“Welcome Back to My Channel” Searches for Reality in a Virtual World

Brandon Zang’s “Welcome Back to My Channel” was livestreamed by University Theater from May 20-22.

Courtesy of Brandon Zang/Neel McNeill

During May 20–22, University Theater (UT) livestreamed performances of third-year Brandon Zang’s original play Welcome Back to My Channel, which incorporates a mix of live video calls and prerecorded multimedia pieces. The play follows the life of Martha (Tess Ortego, third-year), a popular makeup influencer, as her off-screen relationship with her boyfriend Will (Nick Schwarz, first-year) begins to disintegrate. 

Following a drop in the number of views on her videos, Martha’s manager, Benny (Jayda Hart, second-year), urges her to pursue a collaboration with a popular male TikToker. The collaboration is extremely successful, but Will becomes frustrated with Martha for her willingness to aid in the spread of rumors of a relationship between her and the TikToker for the sake of popularity. 

Meanwhile, Saskia (Shreya Shettigar, fourth-year), a younger influencer, gaslights Martha through a video confession. Benny urges Martha to issue a public apology even though the video Saskia used as evidence of Martha’s vile character was a staged act the two performed together as a collaboration for laughs. 

Martha is shunned from the makeup influencer community and finally decides to take a break from her life as an influencer to spend time thinking about what she wants in life. When prompted by Marcus (Noah Friedlander, fourth-year), a fellow influencer and streamer, about her genius plan to get back into the influencer business, she states that she doesn’t have one. Sheltered and naive from knowing nothing but the influencer lifestyle since middle school, Martha finally starts to act on her own interests, singing and songwriting. 

The play concludes with Martha reading out the lyrics to a song she wrote about no longer wanting to hide behind a screen and accepting that things don’t have to stay the same as she grows up: “Nothing ever stays the same,” she writes. “The only constant is change.” 

Zang’s Welcome Back to My Channel is a fascinating exploration of the relationship fractures and the uncertainty in identity that come with a heavily commodified digital world. From Benny’s own channel about her life as a manager and desire for recognition to Marcus’s confession about why he chose to become a streamer, the cast teases out each character’s insecurities while building a narrative around Martha’s own inability to keep her relationships afloat. The Maroon sat down with Zang to discuss the inspirations behind his play, the role of influencers in a social media–dominated world, and the virtual theater production process. 

Chicago Maroon (CM): How did you first get the idea for Welcome Back to My Channel

Brandon Zang (BZ): I wrote this during quarantine when I watched a lot of videos. I binged a lot of James Charles [and] Addison Rae, and I got TikTok as well. During COVID, when there was nothing else to do, I got really hooked [on social media], and it became a guilty pleasure to watch this fascinating world of social media influencers and their super crazy lives.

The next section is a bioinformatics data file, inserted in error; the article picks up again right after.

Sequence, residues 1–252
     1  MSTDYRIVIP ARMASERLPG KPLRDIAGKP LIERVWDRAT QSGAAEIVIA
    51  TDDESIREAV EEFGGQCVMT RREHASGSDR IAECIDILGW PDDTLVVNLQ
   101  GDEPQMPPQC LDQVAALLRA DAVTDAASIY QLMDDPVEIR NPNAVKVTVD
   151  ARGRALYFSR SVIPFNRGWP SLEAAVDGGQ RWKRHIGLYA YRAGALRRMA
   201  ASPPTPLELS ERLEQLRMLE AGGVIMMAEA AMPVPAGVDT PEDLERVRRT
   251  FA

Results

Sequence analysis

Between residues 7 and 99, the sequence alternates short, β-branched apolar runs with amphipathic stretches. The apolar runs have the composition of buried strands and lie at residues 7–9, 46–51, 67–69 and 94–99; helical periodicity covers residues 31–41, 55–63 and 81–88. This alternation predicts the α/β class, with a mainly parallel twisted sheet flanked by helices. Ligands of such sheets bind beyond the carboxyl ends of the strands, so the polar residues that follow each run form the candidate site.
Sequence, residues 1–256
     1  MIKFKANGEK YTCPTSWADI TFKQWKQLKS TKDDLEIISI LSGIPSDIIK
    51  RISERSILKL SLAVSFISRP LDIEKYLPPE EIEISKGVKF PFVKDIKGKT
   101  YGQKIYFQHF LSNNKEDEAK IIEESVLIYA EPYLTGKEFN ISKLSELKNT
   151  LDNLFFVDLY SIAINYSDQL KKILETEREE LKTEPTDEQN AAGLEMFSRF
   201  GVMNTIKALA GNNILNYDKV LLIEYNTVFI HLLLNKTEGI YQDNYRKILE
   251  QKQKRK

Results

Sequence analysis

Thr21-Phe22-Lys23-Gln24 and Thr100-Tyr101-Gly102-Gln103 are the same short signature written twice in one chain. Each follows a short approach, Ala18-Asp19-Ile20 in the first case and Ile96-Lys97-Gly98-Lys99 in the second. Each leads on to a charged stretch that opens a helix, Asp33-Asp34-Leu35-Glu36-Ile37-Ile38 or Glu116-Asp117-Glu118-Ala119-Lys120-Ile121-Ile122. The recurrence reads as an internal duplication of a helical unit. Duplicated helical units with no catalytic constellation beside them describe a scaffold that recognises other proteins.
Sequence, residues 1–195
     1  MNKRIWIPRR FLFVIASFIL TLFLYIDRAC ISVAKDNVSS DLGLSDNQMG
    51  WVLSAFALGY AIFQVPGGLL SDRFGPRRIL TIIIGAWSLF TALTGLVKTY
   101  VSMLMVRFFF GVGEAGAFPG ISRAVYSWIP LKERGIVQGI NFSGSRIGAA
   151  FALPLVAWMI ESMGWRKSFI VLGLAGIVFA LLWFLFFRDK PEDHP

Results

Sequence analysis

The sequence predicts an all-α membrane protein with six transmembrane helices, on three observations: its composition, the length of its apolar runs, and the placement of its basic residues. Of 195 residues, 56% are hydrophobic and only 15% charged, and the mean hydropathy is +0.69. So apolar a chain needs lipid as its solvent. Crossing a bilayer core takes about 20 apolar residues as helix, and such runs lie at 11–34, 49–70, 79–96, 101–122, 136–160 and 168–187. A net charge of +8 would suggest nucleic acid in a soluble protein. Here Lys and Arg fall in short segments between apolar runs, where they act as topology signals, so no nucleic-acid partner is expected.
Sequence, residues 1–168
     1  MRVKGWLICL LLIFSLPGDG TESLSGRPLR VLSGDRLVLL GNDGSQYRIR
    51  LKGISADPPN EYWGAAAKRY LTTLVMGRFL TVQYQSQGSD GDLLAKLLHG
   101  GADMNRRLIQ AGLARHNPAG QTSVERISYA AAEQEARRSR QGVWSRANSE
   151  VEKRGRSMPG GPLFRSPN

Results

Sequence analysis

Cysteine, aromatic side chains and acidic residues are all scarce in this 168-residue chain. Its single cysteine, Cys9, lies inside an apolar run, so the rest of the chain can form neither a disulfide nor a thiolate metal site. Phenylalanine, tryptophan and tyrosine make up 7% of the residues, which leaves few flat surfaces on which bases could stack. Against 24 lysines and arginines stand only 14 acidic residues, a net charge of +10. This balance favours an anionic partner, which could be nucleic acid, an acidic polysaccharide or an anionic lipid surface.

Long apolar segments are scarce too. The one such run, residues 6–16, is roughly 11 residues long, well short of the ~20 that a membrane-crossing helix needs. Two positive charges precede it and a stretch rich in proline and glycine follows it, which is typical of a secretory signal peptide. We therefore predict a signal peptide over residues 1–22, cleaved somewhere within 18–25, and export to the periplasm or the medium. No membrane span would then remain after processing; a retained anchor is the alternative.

For me, there was something very theatrical about the way they presented themselves. And it was also very weird because they were the same age as me or slightly older or younger. Imagining their lives being that public [was strange]. Another factor was [that] I looked through a bunch of plays and could not find one that worked really well for a virtual format. So I wanted to write a play that was specifically designed to be performed over a platform like Zoom. I don’t think there are any plays that really focused on very contemporary issues like social media influencers or social media in general, so I felt like there was a void [I could fill]. 

CM: What was your inspiration for the chat messages over different social media platforms between the scenes? 

BZ: The chats were supposed to be transitions. The actors had to do [a lot of the design and technical elements] themselves because it’s in their own living spaces, so they actually needed a lot more time compared to a normal, traditional production of changing sets and changing locations. Also, those transitions were a way to keep the energy going within the play that wouldn’t distract you from the main story. 

My inspiration was chat stories, like horror stories, where it is very suspenseful and just a screenshot of a phone, one person texting another person. I thought it was a very creative and also very easy way to make a transition. Each of them was supposed to represent a separate narrative, it wasn’t one person talking to everybody in their life. All of them were based on my personal experiences. Every single one of those conversations, I’ve had more or less with another person, over Messenger or text. Except one—the dress one—I’ve never had someone text me, “Here are the clothes that you should buy,” and peer-pressure me to buy something. But everything else, I could point you to the exact conversation where I got inspiration from.